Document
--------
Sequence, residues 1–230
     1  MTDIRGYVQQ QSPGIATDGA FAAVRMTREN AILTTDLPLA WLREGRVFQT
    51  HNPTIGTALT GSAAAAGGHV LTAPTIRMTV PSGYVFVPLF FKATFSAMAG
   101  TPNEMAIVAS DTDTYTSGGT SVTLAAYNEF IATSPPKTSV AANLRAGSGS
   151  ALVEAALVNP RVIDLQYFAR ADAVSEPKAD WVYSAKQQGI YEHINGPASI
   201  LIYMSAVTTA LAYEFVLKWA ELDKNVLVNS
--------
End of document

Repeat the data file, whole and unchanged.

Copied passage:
Sequence, residues 1–230
     1  MTDIRGYVQQ QSPGIATDGA FAAVRMTREN AILTTDLPLA WLREGRVFQT
    51  HNPTIGTALT GSAAAAGGHV LTAPTIRMTV PSGYVFVPLF FKATFSAMAG
   101  TPNEMAIVAS DTDTYTSGGT SVTLAAYNEF IATSPPKTSV AANLRAGSGS
   151  ALVEAALVNP RVIDLQYFAR ADAVSEPKAD WVYSAKQQGI YEHINGPASI
   201  LIYMSAVTTA LAYEFVLKWA ELDKNVLVNS